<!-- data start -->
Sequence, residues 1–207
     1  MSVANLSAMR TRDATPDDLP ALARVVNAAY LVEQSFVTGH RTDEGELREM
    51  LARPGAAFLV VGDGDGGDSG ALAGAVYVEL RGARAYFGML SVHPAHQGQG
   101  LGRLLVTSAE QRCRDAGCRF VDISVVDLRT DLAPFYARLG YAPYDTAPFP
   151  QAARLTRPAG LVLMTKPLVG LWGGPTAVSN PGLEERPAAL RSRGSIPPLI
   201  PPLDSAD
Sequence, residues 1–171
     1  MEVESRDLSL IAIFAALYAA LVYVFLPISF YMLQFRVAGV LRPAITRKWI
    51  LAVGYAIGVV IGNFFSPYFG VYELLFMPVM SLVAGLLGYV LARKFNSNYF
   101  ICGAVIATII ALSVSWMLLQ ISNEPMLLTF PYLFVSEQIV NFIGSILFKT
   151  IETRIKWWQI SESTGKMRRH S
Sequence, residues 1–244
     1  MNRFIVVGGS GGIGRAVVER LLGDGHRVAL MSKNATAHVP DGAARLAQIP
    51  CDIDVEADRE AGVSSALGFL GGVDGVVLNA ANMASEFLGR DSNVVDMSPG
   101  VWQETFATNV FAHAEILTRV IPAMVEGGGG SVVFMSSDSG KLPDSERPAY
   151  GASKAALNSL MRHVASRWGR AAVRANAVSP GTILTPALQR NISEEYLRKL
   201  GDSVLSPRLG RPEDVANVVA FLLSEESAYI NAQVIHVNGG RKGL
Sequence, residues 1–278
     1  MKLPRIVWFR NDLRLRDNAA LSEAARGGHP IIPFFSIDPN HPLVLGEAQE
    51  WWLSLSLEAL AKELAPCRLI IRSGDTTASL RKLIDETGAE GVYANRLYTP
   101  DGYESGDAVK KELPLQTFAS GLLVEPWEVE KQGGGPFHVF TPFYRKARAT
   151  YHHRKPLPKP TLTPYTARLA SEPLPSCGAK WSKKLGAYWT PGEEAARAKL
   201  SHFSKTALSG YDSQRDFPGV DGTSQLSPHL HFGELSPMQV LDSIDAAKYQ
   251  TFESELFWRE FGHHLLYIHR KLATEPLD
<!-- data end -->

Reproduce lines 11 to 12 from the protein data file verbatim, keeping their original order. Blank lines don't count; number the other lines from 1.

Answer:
   151  IETRIKWWQI SESTGKMRRH S
Sequence, residues 1–244